Yemen crisis looms over Biden’s Saudi visit
US President Joe Biden claimed credit for the ceasefire in Yemen in a weekend op-ed defending his upcoming trip to Saudi Arabia. He did not comment on the recent report by the government watchdog GAO, which said that the State Department and the Pentagon stopped holding Riyadh accountable for how it used the US-supplied weapons against civilians, a prominent critic pointed out on Monday.
Biden had promised to “completely disengage” the US from the Saudi-led war on Yemen, but failed to do so, argued Juan Cole, professor of Middle Eastern and South Asian history at the University of Michigan.
The US has provided $54.6 billion in military aid to Saudi Arabia and the United Arab Emirates (UAE) since they began bombing Yemen in March 2015, Cole pointed out. US law requires recipients of American military aid to avoid harming civilian non-combatants, but Cole said the Saudi-led coalition has flouted that requirement – and pointed to last month’s report by the Government Accountability Office (GAO) showing that the US government did not bother enforcing it, either.
The State Department certified in 2018 that the Saudi and Emirati governments “had made efforts to reduce harm to civilians in Yemen, but did not submit two subsequent, required certifications,” said the GAO. Foggy Bottom also “could not provide” evidence that they investigated “incidents of potential unauthorized use of equipment” transferred to Saudi Arabia or the UAE, while the Pentagon “has not reported” any investigations, the watchdog added.
Biden is headed to Saudi Arabia and Israel later this week. In a Washington Post op-ed on Saturday, he tried to preempt critics by saying he wanted to “reorient – but not rupture – relations” with the Kingdom. Among other things, Biden credited “our persistent diplomacy” with the current truce in Yemen leading, which he said the Saudis fully support.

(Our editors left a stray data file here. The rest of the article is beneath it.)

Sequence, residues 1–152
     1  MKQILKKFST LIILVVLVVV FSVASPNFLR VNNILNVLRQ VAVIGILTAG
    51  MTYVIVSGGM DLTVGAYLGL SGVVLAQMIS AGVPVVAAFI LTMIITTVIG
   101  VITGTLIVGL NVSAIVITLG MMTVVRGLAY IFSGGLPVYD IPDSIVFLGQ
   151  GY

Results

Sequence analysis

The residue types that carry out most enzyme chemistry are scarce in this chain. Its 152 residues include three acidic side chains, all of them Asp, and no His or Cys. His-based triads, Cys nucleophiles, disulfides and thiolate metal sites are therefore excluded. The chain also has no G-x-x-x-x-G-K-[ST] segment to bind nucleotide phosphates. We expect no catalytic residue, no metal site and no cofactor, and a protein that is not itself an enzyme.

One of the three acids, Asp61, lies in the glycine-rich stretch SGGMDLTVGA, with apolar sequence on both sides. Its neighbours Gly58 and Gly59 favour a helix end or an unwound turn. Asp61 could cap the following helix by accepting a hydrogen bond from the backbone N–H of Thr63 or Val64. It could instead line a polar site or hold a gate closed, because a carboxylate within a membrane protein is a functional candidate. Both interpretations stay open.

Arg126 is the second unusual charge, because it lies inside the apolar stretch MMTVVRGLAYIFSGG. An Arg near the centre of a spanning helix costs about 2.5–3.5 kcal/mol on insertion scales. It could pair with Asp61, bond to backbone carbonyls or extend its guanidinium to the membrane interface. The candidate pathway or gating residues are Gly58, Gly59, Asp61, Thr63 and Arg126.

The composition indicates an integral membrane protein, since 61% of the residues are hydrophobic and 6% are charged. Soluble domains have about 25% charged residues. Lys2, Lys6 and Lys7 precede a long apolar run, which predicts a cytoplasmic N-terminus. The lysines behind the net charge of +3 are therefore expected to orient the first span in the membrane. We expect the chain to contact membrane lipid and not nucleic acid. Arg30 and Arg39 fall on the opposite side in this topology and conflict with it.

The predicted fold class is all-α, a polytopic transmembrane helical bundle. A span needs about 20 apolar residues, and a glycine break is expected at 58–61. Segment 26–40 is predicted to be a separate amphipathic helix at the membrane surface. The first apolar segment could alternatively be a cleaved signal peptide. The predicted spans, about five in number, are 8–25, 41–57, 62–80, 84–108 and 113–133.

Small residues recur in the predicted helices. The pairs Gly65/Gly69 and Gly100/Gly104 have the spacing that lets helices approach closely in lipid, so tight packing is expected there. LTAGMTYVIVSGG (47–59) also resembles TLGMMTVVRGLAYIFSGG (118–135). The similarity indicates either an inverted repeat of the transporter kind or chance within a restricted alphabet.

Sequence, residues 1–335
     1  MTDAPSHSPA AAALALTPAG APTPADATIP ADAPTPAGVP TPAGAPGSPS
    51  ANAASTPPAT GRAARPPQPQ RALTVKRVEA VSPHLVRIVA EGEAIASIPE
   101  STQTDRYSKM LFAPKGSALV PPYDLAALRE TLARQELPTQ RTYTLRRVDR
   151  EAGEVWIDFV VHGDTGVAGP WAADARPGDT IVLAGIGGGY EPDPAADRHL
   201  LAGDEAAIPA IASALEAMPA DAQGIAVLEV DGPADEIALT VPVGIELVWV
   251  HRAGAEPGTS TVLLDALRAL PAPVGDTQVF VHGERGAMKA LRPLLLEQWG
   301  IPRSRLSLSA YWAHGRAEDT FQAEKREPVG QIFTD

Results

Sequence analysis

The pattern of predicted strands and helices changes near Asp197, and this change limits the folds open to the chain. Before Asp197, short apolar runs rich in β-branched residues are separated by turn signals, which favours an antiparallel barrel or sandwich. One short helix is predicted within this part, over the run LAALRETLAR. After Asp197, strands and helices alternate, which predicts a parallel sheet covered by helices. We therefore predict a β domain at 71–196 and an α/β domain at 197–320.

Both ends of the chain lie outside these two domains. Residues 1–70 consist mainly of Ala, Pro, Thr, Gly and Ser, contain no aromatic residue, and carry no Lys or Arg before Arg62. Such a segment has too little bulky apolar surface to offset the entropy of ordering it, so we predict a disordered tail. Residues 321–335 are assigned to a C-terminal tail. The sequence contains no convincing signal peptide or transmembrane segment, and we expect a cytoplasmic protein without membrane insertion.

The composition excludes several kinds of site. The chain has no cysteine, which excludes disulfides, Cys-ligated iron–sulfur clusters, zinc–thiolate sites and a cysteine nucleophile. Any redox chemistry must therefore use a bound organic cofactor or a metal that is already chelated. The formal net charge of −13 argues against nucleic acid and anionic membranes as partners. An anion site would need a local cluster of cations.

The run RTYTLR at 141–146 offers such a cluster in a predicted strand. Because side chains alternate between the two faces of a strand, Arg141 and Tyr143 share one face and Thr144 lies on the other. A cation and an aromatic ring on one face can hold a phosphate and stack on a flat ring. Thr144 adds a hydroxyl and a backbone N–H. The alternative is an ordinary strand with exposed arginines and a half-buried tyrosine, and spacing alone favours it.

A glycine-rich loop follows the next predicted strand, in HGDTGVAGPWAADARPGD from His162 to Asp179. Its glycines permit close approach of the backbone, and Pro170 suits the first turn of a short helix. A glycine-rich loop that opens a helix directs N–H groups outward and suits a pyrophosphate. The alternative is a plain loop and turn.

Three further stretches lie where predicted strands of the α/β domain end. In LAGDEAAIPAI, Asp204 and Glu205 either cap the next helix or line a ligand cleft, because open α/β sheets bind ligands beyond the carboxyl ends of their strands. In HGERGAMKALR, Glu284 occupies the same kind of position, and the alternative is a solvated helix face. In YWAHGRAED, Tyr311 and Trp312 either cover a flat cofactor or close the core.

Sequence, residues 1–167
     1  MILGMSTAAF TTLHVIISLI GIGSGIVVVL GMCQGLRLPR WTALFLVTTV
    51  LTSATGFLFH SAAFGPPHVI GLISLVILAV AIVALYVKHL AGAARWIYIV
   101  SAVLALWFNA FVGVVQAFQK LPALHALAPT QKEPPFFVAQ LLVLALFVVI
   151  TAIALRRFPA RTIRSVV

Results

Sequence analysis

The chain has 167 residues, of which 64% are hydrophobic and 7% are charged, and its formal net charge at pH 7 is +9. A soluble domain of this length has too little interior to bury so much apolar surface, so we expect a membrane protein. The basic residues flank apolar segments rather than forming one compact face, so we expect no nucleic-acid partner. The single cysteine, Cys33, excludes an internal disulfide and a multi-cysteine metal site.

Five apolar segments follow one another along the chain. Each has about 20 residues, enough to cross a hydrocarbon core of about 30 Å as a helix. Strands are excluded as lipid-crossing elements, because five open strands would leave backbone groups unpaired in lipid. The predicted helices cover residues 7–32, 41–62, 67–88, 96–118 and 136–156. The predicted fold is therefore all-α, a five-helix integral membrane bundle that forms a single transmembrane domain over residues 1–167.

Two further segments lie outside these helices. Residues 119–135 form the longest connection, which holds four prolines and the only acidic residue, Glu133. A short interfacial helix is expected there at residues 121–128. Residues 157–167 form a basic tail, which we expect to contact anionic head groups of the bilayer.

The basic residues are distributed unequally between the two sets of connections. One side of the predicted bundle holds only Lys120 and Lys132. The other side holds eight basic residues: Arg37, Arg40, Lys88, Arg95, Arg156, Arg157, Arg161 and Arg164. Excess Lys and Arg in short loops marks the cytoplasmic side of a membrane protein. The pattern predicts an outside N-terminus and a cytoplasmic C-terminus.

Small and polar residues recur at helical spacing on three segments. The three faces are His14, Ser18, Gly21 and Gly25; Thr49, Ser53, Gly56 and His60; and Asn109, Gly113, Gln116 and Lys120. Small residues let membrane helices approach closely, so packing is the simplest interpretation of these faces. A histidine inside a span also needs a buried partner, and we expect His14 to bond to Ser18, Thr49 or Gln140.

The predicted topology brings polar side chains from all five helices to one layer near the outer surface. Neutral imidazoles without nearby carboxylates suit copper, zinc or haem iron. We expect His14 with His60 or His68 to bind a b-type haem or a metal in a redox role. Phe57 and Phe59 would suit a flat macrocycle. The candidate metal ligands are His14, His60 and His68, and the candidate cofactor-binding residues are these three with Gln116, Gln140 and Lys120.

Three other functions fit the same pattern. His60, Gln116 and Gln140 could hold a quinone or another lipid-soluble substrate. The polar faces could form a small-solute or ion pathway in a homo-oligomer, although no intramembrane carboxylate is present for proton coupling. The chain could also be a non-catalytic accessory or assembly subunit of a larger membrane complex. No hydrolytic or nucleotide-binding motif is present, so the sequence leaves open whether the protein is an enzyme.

Neither Saudi Arabia nor the Houthi rebels in Yemen credited Washington with the ceasefire that first went into effect at the end of March. It has since been extended through at least early August, though both sides have accused the other of not fully abiding by its terms.
In April, the Wall Street Journal reported that US-Saudi relations were at their worst since 1945, citing the Biden administration’s personal criticism of Crown Prince Mohammed bin Salman over the 2018 killing of dissident Jamal Khashoggi.
Last week, the International Committee of the Red Cross (ICRC) released a report on the humanitarian situation in Yemen, with its author Basheer Omar calling it “unimaginable horror.” Two thirds of Yemen’s estimated 30.5 million people lacked access to basic healthcare and more than four million have been displaced by the fighting, the report said.
According to the UN, Yemen is the “world’s worst humanitarian crisis,” which resulted in over 377,000 deaths by the end of 2021. More than two-thirds of the casualties were under the age of five.
While Biden himself used the UN phrasing in his oped, he has not spoken up in support of a bipartisan initiative in Congress to stop further US support to Riyadh – not just in terms of weapons but intelligence and maintenance support – and thereby compel the end to the war.